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To think Americans have more only children?

(39 Posts)
fairybeagle Thu 04-Apr-19 16:33:02

It seems that Americans seem more likely to have a single child and that it's more of a norm there? Does anyone know if this is correct?
What sort of attitudes do Americans have towards only children? Less negative than other countries?

Youngandfree Thu 04-Apr-19 16:37:45

Possibly true... for one they have a larger population and secondly it actually costs them money to have a baby (not free like in nhs)

mimibunz Thu 04-Apr-19 16:42:44

I think it’s probably true, due to the expense. American mothers are not encouraged or supported to take lengthy maternity leave and they get little help from the state. I believe there is tax relief of about $2k per child per year.

RicStar Thu 04-Apr-19 16:45:21

Compared to UK birth rate is the same 1.8 per woman and average household size is larger over 3 vs less than 2.5. I think this means not more likely than the UK but may be some other countries. I don't think many countries have negative attitudes to only children now- it's growing to be the norm in many places. No idea on US attitudes but would guess they vary by state / back ground.

BiscuitDrama Thu 04-Apr-19 16:47:10

Within those figures there could be more only children and more larger families? I may be getting that wrong. grin


TheLovleyChebbyMcGee Thu 04-Apr-19 16:47:40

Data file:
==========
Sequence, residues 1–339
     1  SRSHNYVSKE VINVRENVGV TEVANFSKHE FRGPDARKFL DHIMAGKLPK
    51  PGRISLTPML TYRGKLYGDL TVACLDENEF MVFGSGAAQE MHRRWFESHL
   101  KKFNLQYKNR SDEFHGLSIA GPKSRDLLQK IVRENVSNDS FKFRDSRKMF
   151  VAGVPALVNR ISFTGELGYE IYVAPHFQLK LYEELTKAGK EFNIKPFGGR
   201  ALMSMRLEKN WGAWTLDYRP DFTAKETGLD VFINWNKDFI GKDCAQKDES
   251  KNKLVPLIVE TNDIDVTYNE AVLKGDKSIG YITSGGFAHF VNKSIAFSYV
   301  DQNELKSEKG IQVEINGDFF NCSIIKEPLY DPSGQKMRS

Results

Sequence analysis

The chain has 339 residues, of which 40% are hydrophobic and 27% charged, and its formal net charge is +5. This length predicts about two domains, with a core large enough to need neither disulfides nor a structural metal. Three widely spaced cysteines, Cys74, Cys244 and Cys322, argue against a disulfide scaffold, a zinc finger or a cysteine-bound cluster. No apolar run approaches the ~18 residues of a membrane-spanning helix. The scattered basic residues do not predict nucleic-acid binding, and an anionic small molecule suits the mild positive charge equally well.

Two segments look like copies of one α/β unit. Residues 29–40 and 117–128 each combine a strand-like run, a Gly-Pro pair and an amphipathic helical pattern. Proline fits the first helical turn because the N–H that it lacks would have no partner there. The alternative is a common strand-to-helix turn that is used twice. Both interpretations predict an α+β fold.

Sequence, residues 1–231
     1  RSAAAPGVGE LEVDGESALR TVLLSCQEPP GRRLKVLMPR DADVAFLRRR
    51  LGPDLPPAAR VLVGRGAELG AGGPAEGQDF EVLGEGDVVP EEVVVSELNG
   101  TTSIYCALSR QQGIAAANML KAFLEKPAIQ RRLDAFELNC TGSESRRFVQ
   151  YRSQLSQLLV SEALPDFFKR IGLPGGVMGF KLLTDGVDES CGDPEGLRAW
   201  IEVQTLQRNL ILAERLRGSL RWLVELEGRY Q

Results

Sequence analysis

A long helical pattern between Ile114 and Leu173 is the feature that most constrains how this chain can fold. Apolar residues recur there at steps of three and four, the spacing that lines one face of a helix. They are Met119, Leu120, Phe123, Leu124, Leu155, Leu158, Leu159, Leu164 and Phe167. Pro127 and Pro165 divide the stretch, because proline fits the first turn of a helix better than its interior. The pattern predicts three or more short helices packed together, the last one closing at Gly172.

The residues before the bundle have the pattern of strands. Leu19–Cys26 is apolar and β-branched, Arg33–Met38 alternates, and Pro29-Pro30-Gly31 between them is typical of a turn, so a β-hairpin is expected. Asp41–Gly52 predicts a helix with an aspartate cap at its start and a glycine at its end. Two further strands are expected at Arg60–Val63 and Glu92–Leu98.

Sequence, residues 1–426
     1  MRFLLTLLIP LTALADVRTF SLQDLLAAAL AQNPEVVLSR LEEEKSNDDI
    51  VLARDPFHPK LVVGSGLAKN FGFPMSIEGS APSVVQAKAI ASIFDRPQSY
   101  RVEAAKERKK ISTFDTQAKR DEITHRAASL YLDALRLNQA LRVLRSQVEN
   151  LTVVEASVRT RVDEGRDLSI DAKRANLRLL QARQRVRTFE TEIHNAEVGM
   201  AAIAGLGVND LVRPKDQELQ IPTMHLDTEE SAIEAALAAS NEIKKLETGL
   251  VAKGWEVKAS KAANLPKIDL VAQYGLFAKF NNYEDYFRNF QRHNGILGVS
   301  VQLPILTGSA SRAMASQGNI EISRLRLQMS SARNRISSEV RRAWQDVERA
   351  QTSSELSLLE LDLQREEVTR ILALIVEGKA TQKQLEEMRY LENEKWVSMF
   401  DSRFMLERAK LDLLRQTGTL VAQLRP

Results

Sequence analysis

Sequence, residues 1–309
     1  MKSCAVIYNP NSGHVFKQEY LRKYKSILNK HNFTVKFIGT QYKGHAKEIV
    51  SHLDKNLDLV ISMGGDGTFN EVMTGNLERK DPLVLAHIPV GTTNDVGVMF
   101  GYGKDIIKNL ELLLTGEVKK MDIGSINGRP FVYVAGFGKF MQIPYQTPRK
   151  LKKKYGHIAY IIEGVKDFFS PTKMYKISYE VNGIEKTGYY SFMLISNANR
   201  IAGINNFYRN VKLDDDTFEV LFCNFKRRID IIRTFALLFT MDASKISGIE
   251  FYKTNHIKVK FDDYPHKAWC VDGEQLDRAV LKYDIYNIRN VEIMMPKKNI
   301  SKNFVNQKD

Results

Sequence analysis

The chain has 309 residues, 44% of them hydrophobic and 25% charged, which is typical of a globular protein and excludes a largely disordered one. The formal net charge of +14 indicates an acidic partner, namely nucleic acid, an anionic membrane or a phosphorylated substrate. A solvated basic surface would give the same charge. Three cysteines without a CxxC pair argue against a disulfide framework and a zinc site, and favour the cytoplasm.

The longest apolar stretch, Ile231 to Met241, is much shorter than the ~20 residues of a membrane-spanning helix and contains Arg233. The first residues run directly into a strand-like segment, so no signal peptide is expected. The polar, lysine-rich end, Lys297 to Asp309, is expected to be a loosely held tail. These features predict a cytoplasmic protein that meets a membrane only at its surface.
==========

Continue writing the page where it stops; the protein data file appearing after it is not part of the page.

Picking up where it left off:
Probably true, the cost of having a child, healthcare wise is expensive, and the maternity pay/leave etc is next to nothing for the majority of families

Backwoodsgirl Thu 04-Apr-19 16:53:47

Some context from a Brit In the US. Insurance excess for DD was $2k. I work for myself so can take whatever time I like, however the legal minimum in my state is 6 weeks.

One parent giving up work to stay home is more common than in the UK.

MadameAnchou Thu 04-Apr-19 16:56:19

It seems many either have one or two or are religious (Mormons, for example) and have 4+. A lot of it must also depend on where you live, some places are incredibly expensive to live in and would probably require both parents to work FT, whilst other places have lower living costs and one parent could stay at home and therefore potentially have more kids.

RicStar Thu 04-Apr-19 17:03:23

Yes the stats don't say anything about the distribution of children which could be lumpy. Until recently higher birth rate than UK so i was surprised it had dropped so fast - certainly suggests families are getting smaller and/or more women are having no children. But US is so large and diverse I would expect many micro trends.

Tealtights Thu 04-Apr-19 17:06:43

Well they are a country of 300 million so statistically of course there will be more only children than what we have. As someone else has said relatively speaking it isn't much different.

TheVanguardSix Thu 04-Apr-19 17:09:46

Less holiday plus healthcare costs means having to be sensible. But I see so many women here having 3 and 4 kids when they really cannot afford it. We tend to give this thought back home because the expense is entirely on families.